Assuming you are talking about tumbling brass for reloading ammunition, the best way to clean tumbled brass is to use a media that will not damage the brass. This can be either corn cob media or walnut shell media. You will want to use a tumbler that has a separator so that the media can be reused. Add the brass and media to the tumbler and add enough water to cover the brass. Run the tumbler for 3-5 hours. The longer you run the tumbler, the cleaner the brass will be. After the tumbling process is complete, empty the tumbler and remove the brass. Rinse the brass with clean water and dry with a towel.

The pros and cons of tumbling brass.

The pros of tumbling brass are that it can save time when reloading ammunition, it can clean the brass so that it can be reused, and it can also polish the brass to give it a nice finish. The cons of tumbling brass are that it can damage the brass if it is not done properly, it can be time consuming, and it can be messy.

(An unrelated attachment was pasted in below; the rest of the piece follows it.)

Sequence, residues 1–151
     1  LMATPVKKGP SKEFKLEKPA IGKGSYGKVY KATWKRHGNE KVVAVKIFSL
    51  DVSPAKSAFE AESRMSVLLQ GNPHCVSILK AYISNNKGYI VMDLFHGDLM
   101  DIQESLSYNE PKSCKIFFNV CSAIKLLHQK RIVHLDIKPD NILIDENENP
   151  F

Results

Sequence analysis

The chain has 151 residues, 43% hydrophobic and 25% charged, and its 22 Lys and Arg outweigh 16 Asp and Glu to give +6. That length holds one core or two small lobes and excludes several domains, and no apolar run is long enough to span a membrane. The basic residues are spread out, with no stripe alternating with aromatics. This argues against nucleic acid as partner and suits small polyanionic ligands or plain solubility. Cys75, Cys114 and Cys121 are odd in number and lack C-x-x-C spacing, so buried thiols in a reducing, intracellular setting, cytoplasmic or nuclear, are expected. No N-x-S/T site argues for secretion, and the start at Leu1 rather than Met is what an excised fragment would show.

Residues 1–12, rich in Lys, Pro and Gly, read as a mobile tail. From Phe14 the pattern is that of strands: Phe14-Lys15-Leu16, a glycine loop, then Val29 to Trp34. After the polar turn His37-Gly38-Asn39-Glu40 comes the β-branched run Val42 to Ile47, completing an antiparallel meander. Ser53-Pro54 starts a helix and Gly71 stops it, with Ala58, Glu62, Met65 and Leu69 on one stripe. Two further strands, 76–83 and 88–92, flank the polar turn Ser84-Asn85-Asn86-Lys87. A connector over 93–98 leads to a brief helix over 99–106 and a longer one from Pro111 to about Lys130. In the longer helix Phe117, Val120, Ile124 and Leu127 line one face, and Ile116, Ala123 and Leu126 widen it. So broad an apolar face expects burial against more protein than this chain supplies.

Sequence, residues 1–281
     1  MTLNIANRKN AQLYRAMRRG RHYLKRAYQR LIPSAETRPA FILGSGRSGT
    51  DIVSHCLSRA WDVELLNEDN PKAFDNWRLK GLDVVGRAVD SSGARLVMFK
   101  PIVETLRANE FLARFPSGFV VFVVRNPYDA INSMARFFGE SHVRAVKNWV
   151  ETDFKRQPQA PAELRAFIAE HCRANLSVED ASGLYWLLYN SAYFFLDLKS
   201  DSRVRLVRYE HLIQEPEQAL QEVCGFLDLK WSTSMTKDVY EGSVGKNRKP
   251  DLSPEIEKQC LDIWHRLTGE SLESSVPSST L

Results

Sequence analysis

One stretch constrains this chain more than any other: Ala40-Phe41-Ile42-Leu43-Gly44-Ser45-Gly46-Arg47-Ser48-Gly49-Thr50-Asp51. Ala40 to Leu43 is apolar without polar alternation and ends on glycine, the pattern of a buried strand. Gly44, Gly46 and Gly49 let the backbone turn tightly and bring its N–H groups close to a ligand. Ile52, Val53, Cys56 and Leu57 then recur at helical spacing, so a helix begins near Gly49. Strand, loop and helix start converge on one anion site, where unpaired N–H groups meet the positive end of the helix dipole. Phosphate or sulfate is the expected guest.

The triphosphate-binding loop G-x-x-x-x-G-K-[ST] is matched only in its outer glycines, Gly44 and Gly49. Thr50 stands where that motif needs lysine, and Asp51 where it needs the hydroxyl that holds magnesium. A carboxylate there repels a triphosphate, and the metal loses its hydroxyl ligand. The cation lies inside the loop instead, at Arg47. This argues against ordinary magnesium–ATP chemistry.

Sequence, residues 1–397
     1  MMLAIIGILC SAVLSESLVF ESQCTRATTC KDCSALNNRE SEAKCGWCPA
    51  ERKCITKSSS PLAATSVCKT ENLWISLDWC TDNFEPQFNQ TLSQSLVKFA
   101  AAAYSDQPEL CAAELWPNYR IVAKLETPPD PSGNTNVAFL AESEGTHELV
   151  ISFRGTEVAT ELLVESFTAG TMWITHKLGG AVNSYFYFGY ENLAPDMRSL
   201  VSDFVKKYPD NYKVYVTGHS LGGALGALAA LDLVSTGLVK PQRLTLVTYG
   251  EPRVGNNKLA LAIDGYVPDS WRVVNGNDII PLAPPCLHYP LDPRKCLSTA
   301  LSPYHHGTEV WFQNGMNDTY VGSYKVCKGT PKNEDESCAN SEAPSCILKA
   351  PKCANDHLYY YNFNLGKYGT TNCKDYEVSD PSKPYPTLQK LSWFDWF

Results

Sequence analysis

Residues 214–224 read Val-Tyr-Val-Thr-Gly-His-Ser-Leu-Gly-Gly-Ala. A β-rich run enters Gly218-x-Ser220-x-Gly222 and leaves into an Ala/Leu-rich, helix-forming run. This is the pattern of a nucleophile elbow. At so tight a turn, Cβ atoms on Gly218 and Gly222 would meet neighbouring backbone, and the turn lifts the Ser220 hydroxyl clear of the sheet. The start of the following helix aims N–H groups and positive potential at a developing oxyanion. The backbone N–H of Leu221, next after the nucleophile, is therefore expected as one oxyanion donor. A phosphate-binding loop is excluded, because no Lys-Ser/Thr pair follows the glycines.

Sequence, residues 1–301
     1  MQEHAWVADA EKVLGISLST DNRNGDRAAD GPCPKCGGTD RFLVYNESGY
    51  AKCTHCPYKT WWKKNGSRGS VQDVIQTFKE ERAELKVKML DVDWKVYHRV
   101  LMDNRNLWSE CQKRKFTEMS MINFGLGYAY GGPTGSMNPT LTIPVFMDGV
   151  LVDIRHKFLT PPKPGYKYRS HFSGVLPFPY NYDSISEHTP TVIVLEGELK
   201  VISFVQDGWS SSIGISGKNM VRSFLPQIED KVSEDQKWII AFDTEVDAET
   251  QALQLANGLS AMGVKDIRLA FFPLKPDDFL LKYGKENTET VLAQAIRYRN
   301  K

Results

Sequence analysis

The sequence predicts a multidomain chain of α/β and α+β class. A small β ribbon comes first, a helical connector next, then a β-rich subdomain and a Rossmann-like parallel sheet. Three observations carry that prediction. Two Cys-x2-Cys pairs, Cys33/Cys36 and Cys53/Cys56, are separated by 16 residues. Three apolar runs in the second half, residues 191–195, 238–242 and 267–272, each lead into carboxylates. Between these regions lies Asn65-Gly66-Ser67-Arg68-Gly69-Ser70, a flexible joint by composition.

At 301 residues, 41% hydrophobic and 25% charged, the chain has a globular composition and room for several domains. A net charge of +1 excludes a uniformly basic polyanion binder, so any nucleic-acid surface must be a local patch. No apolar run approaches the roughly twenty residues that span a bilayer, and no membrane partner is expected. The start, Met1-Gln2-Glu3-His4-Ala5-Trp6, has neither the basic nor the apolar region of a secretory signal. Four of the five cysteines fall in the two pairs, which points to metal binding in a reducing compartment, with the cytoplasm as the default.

Frequently Asked Questions [FAQs]

How many brass cases can I process at one time?

This will depend on the size of your tumbler and the type of media you are using. A good rule of thumb is to fill the tumbler no more than 1/3 to 1/2 full of brass and media.

How long should I tumble my brass?

Again, this will depend on the size of your tumbler and the type of media you are using. A general rule of thumb is to tumble for 1-2 hours.

What is the best media to use for tumbling brass?

There are many different types of media that can be used for tumbling brass. Some of the most popular include corn cob, walnut shell, and stainless steel.

Can I use my tumbler to clean other things?

Yes, you can use your tumbler to clean other things, but you should only use media that is designed for tumbling.

Can I add other things to my tumbler to help clean my brass?

Yes, you can add other things to your tumbler to help clean your brass. Some people add a small amount of dish soap to their tumbler to help remove any oils that may be on the brass.

Conclusion

If you’re looking to get your brass tumbled and ready to reload, the process is pretty simple. Just make sure you have the right media, the right tumbler, and the right settings. With a little bit of practice, you’ll be able to get your brass tumbled and ready to go in no time.